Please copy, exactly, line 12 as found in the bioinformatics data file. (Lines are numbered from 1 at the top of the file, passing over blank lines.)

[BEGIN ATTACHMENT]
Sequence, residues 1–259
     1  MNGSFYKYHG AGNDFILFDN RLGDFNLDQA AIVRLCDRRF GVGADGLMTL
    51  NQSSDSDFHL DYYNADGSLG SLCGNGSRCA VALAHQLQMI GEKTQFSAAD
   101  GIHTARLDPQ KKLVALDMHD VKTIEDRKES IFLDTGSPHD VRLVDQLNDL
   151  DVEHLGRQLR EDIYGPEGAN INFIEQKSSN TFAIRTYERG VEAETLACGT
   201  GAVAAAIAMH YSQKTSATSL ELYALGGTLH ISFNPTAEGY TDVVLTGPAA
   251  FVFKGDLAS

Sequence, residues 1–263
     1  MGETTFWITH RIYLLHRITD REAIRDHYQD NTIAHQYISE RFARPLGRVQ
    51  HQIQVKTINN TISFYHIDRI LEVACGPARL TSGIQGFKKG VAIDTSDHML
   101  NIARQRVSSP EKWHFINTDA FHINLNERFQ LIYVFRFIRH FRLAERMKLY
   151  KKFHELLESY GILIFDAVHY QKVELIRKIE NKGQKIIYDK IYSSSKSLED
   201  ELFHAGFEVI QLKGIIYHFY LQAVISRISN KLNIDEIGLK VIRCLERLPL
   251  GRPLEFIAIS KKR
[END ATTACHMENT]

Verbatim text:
   151  KKFHELLESY GILIFDAVHY QKVELIRKIE NKGQKIIYDK IYSSSKSLED